Extended Interview: B.J. Jackson
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SUSAN DENTZER: So you arrive [in Baghdad] April 25th, just a bit before the war is over, in effect, the combat phase. … What in general terms was your job while you were in Iraq?
B.J. JACKSON: I worked on any weapons that went down … all the supply stuff, and we lost a couple of guys due to injuries, broken bones and such. … So I just filled in different platoons doing MP [military police] duties.
SUSAN DENTZER: How dangerous did it seem in Iraq during that period before you were wounded?
B.J. JACKSON: About as bad as it is now, but the war’s not over. Everybody keeps saying it is, but there are still people getting killed, people getting injured.
SUSAN DENTZER: Tell me what happened on August 7th, to the best that you remember.
B.J. JACKSON: I was told a phosphorous land mine went off underneath the vehicle [I was in], an RPG [rocket-propelled grenade] hit the side of the vehicle, and there were guys in three buildings on each side firing AK[-47]s. And the guy in my passenger seat, Specialist Mincer, lost all hearing, and the one in my turret was Mike Hunter — broke his leg and lost all hearing for a couple of days.
SUSAN DENTZER: What happened to you?
B.J. JACKSON: I lost both my legs below the knee, and 60 percent body [was burned] on my hand, arm, and my head and lower back, and lost my legs due to the burns.
SUSAN DENTZER: Your legs were not blown off in the explosion, but they were very severely burned?
B.J. JACKSON: I was told they were really burned and they must have been crushed because one of the guys that pulled me out said he thought he had ripped my tendons or something, and that’s why he thought I lost my legs. Then I talked to him on the end part of September — it was the first time I talked to him. … So he’s had a pretty hard time thinking that I lost my legs due to them, but they just saved my life instead.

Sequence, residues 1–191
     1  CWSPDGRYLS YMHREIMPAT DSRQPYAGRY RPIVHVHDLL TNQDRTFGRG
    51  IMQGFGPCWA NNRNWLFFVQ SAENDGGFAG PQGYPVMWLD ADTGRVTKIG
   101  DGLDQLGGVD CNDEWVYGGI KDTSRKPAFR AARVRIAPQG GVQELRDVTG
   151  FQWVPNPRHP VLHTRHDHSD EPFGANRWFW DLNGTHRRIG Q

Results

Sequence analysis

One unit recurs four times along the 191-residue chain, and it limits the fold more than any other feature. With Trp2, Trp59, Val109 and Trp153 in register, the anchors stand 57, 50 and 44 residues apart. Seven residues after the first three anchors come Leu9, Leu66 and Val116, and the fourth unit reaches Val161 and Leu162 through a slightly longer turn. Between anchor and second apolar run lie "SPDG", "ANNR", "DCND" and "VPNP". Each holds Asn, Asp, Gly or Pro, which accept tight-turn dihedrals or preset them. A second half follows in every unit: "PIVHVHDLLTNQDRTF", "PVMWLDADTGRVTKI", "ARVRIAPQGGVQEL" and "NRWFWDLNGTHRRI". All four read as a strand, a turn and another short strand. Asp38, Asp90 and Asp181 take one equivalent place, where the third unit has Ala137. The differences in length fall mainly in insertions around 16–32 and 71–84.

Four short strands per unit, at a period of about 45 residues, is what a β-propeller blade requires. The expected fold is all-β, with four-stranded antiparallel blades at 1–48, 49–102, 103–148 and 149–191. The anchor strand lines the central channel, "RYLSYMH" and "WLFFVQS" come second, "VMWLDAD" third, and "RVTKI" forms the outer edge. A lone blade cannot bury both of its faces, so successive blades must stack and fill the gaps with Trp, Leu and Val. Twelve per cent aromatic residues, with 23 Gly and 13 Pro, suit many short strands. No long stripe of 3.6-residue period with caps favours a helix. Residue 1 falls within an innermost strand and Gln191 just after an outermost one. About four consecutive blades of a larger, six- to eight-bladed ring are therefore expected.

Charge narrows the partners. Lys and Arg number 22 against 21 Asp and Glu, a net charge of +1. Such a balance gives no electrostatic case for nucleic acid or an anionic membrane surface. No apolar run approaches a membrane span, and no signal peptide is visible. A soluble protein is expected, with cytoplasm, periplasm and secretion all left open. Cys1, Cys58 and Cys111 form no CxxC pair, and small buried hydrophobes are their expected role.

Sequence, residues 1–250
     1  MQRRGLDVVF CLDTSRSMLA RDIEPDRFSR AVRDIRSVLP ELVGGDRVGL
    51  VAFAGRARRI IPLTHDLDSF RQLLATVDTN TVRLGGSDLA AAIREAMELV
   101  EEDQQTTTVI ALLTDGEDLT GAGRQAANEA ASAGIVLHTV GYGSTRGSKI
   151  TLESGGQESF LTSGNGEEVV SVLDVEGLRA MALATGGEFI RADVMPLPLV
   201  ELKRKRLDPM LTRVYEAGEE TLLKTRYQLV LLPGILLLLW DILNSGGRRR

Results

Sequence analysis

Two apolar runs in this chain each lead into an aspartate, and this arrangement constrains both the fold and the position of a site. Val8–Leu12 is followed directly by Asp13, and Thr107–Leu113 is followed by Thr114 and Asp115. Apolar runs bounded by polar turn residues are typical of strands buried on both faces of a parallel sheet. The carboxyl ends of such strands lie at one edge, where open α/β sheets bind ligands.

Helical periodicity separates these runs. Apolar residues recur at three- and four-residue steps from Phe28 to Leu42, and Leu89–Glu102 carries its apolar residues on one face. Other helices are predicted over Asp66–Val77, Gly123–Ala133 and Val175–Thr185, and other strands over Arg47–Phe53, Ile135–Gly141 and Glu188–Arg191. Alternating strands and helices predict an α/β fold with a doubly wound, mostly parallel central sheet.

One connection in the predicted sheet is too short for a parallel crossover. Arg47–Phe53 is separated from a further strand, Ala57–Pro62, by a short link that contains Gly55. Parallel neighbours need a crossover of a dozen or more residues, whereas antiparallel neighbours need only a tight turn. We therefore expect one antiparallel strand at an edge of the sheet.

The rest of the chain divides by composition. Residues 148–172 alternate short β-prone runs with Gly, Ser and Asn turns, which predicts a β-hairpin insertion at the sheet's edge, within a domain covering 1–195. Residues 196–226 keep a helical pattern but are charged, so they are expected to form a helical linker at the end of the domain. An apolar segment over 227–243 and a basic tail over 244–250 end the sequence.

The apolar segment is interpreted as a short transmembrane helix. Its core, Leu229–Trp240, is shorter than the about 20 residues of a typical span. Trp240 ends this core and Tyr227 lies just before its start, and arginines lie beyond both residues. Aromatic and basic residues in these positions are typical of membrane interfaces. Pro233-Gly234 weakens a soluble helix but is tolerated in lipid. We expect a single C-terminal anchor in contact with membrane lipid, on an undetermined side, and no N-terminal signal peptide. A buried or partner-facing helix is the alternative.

SUSAN DENTZER: Do you remember any of it from that point when the vehicle was attacked?
B.J. JACKSON: The only thing I remember is yelling for my wife and my kids. And they told me I kept yelling that for almost the whole time I was in the vehicle until they got me to the bank, where they did a little first aid, and the other guys took cover fire to get me out of there.
SUSAN DENTZER: What happened from there, to the best that you have been told?
B.J. JACKSON: I was flown to Kuwait for a day. They amputated in Kuwait. I was flown to Germany, and I was in Germany for four days. On August 12th I got here. Within that time I received 25 units of blood. [When] I got here, they sutured my legs and kept me sedated for a long time until I woke up…
I was post burn 35 days before I stood for the first time. I was post burn I’d say about 50 days before I walked with my new prosthetics that they got me. I went through two sets of prosthetics at the hospital, and they didn’t work too well for me because I shrunk so fast…
SUSAN DENTZER: …What was your first thought when you saw that you had lost your legs?
B.J. JACKSON: I don’t really know. It was pretty hard at first, but I had a lot of support.